Neon Tetra Temperature Guide (Do They Need A Heater?)

Whether you’re a fish fanatic or an aquarium owner, you have most likely heard of the famous Neon Tetra. Neon Tetras are colorful tropical fish originally from the streams of South America. However, given their popularity, they are now mostly bred in eastern countries such as China and Thailand.

For the Neon Tetra, temperature balance is crucial to maintain a healthy ecosystem. Not only is the temperature important for their health, but it is also a major factor in breeding as well. These temperatures do not usually come naturally in an aquarium, and a heater is usually required to ensure the tank stays warm throughout the day and night. If not maintained, the wrong temperature can have dire and even fatal effects on our colorful friends.

What Temperature Do Neon Tetra Need To Survive?

Given their origin in South America, it is not surprising in the least that Neon Tetras require warmer water to thrive. The ideal Neon Tetra temperature for survival is between 72 to 76 degrees Fahrenheit (22.2 – 24.4 degrees Celsius). And, for breeding, the Neon Tetra temperature should be between 75 – 76 degrees Fahrenheit (23.9 – 24.4 degrees Celsius).

They also require this temperature to be maintained consistently. It is very well possible that the aquarium temperature can rise and fall with the temperature outside of the tank as well.  And, while temperature change is indeed natural, it is when the temperature changes are quick and drastic that it starts to harm the Neon Tetra.

Do Neon Tetras Need A Heater?

One of the most important tools and pieces of equipment for Neon Tetra temperature balance is an aquarium heater. They are tropical fish, and therefore need to be kept in heated aquariums. While your aquarium may get to the desired temperature range for most of the day, most is not enough for our neon friends.

An aquarium heater is a necessary investment, and your Neon Tetra will thank you for it. There are a wide variety of heaters to choose from, and the type does matter. Different heaters have different wattages, and choosing the right heater for your tank is crucial. The different wattages are designed for different sizes of tanks.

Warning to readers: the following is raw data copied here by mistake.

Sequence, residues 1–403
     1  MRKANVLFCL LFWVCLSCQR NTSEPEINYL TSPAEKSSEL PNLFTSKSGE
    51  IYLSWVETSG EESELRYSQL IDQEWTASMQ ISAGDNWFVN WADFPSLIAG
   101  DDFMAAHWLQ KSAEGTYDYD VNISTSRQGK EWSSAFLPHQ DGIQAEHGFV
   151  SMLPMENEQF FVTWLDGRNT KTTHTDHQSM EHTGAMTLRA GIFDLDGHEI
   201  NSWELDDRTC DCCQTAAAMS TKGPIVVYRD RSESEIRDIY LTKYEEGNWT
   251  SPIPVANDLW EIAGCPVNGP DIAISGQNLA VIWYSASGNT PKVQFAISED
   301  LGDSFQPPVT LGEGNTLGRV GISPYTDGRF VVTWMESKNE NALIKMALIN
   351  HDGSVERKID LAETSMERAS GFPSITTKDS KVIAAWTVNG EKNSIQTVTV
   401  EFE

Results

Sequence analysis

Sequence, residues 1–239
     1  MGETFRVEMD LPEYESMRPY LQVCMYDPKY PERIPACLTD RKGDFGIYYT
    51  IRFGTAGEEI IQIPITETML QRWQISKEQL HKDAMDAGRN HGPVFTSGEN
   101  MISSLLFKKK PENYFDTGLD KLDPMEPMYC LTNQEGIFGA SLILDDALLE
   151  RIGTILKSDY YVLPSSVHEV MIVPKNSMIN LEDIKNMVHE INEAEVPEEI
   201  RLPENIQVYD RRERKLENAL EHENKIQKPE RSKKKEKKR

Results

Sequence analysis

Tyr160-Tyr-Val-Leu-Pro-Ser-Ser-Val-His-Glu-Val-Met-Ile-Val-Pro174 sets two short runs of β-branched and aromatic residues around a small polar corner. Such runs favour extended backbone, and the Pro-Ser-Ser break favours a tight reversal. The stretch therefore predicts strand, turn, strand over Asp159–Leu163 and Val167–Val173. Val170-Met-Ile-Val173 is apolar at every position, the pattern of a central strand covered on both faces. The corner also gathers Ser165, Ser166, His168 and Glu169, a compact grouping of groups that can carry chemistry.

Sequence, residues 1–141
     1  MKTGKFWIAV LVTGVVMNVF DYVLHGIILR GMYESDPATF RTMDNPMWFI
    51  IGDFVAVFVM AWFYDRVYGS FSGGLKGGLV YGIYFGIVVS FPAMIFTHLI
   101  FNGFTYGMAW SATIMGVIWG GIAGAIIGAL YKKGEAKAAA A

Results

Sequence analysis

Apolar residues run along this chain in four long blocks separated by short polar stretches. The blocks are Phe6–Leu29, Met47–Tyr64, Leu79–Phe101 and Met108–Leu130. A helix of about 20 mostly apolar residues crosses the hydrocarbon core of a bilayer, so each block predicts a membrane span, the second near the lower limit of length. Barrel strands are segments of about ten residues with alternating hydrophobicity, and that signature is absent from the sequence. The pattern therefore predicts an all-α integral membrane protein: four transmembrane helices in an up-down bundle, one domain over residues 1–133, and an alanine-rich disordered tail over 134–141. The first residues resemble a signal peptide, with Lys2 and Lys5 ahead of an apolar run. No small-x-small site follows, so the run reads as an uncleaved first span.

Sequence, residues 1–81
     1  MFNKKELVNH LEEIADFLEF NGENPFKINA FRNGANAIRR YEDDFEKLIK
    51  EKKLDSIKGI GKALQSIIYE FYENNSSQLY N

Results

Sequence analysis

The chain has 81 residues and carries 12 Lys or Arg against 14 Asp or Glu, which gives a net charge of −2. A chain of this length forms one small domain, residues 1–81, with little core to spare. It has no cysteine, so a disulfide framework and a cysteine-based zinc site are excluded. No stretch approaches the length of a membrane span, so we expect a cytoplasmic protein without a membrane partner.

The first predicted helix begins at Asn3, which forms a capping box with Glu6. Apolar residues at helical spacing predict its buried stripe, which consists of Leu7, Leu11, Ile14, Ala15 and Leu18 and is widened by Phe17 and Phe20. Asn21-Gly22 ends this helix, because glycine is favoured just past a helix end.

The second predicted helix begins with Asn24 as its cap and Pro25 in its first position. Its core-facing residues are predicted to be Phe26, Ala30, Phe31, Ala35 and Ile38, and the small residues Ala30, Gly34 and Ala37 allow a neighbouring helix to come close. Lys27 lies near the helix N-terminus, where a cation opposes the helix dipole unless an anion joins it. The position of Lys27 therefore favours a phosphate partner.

When purchasing your heater, ensure you do the research to make sure you are getting the correct wattage for your tank. As a general rule of thumb, you should have between 2 .5 and 5 watts per gallon.

You also have the choice between pre-set and adjustable heaters, and which one you choose is entirely up to you and your specific aquarium. Once you have chosen your heater, ensure that you understand it completely. Some may shut off when removed from the water, which is particularly important to keep in mind when cleaning your tank.

Also, it is important to be aware that outside temperature can still affect the temperature of the aquarium, even with a heater. The heater can be set at a certain temperature; however, if the room temperature rises enough, it can also raise the temperature of the tank with it. The same also applies to cooling at night.

The Neon Tetra has no way of communicating with you if they’re feeling too hot or warm, and it’s up to you as the owner to ensure the tank is at the proper temperature at all times. Also, check on your tetras often, as there are usually signs or symptoms when something is wrong, or at least not quite right.

What Will Happen To Neon Tetras When It’s Too Cold?

So, what exactly will happen if your Neon Tetra gets too cold? Well—it’s definitely not good. Any temperature below 60 degrees Fahrenheit will put our little friend into shock and will almost certainly result in either death or permanent weakness.

And while these are the consequences of cold water, there are also adverse effects if the Neon Tetra temperature is too cool as well. Cool temperatures are classified from anywhere between 60 – 70 degrees Fahrenheit (15.5 – 21.1 degrees Celsius). Exposure to these temperatures will result in your Neon Tetra’s metabolism being slowed and can affect their digestion and even their breathing.